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Last update 02/26/2014

John's Very Large X-ray Tube

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since 02/11/2014
UPDATE 02/18/2014 - Tube in action.

UPDATE 02/24/2014 - 2.73 R/second!

UPDATE 02/26/2014 - The HEI ignition coil driver page is up.

This is a very large X-ray tube with a stationary anode, electrode spacing for 200-300kV and a water-cooled anode.  It has a very narrow spot size of about a mm, at least considering the size of the tube.  I believe it to be an imaging tube, though it could be a therapy tube.  If you have info on this device, please email me <----




This shows the overall size of the tube as compared to a calculator.  The tube is well-used as evidenced by the dark brown radiation-damaged glass envelope.


This is the opposite side showing where the glass has been ground thin above the X-ray exit port.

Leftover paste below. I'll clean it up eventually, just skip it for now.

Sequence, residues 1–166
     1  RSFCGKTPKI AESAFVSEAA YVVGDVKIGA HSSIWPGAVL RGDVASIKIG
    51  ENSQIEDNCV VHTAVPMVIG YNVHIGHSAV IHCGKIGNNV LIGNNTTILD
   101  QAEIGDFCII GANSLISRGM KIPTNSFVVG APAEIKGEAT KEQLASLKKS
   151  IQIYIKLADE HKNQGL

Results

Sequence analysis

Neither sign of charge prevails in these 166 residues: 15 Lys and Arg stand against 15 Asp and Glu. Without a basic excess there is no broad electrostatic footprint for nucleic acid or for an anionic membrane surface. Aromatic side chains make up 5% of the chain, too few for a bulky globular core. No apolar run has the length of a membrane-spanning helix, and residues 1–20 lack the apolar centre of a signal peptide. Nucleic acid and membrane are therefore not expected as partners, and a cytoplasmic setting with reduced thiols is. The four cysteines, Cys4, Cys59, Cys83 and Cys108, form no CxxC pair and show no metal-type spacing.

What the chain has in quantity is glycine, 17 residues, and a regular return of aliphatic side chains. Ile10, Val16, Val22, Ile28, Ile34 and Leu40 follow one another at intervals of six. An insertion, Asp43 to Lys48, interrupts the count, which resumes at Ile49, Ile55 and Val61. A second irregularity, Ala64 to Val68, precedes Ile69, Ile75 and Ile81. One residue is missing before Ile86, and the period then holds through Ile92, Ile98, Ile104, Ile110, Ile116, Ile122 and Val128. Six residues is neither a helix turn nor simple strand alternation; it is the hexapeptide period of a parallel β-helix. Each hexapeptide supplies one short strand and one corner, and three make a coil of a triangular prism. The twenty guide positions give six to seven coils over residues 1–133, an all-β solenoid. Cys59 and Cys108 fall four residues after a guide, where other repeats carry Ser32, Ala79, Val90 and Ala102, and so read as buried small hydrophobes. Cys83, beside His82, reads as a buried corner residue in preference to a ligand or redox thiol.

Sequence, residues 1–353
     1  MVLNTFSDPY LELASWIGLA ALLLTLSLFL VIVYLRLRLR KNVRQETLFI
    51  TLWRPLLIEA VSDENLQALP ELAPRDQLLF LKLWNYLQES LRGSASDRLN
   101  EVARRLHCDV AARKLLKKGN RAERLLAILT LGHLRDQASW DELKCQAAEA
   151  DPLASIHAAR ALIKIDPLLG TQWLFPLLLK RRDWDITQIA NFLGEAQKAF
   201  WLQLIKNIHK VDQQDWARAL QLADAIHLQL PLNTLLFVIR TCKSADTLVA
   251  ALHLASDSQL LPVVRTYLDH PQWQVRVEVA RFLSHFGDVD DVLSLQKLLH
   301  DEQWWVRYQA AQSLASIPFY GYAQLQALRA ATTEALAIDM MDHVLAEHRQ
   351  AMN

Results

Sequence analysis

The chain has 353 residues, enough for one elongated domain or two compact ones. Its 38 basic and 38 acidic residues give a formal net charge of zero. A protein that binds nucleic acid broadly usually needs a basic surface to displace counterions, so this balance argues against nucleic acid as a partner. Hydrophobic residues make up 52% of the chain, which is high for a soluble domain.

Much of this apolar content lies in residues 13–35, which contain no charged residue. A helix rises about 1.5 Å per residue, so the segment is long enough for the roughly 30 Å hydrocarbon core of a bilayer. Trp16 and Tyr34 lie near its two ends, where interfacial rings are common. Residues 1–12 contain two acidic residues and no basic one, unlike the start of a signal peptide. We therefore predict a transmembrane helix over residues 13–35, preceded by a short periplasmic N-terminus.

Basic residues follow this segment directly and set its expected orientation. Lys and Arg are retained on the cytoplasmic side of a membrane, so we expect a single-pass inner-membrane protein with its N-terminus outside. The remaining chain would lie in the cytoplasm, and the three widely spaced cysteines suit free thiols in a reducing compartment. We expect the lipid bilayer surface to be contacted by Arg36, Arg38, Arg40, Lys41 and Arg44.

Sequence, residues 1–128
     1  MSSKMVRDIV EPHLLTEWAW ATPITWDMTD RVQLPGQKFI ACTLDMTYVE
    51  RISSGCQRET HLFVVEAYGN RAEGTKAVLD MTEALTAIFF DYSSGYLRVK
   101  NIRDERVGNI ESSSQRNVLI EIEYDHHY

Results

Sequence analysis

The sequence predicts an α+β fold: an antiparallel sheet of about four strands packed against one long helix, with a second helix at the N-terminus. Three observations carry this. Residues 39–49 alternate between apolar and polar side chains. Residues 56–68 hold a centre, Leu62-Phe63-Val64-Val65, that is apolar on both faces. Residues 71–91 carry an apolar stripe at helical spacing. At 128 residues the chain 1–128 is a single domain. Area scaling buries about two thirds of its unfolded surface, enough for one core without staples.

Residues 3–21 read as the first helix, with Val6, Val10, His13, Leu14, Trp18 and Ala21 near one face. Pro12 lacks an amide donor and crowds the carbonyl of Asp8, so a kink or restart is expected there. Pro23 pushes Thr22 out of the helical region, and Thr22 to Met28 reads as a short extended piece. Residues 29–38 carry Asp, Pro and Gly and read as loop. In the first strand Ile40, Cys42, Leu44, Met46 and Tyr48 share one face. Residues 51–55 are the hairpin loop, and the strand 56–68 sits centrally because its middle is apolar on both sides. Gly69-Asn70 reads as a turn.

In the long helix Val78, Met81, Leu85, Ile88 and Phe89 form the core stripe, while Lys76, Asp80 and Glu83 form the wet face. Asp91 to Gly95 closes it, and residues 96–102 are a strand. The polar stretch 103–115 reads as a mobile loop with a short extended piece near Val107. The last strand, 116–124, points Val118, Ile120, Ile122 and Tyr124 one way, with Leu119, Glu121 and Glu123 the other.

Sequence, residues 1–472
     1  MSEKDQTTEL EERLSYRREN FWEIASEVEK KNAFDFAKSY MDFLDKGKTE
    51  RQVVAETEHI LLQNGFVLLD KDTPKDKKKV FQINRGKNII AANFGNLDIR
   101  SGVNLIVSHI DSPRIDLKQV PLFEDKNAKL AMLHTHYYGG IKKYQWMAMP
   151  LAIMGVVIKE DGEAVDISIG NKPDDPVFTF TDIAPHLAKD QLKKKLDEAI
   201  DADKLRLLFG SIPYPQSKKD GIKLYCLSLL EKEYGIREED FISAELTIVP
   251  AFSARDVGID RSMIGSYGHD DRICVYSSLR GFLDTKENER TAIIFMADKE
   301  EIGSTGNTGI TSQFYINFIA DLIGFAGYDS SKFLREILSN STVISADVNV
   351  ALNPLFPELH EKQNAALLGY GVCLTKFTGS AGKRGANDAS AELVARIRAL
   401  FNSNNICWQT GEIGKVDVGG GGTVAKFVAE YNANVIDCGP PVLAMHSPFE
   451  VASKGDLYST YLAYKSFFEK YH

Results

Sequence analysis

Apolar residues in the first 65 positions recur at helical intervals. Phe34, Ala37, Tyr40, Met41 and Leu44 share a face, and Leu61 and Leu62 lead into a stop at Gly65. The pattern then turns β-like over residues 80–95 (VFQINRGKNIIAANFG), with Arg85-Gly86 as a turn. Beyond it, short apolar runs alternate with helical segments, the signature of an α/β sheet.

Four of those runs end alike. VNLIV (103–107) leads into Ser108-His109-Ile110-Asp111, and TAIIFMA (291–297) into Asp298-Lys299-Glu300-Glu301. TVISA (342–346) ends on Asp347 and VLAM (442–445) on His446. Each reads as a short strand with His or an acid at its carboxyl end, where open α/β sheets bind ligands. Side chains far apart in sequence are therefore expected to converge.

A view of the filament and cathode. Also shows the part number.


The manufacturer's logo.


A close-up of the cathode structure and filament.  The area around the filament is designed to electrostatically focus the beam as a narrow line on the tungsten anode.

This view shows the X-ray exit port on the copper shield and a sliver of the tungsten anode.  The copper shield greatly reduces the amount of radiation emitted in directions not desired.

A better view of the mouth of the anode.  Note how the mouth is rounded.  Even in a vacuum, high voltage surfaces must be smooth to avoid electron emission and arcing.

The anode end.  The white stuff are mineral deposits, evidence that the tube was cooled with non-distilled water.  You will again notice the rounded shape of the connector, designed to cut down on corona stress.

The anode cooling water entrance, again showing signs of mineral deposits.


 I have designed and built an X-ray tube driver based on GM HEI ignition coils. (a page on that project is forthcoming).  Out of oil, the coil is good for about 100kV.  Operated in an oil bath, it is good for several hundred kV, depending on the drive voltage.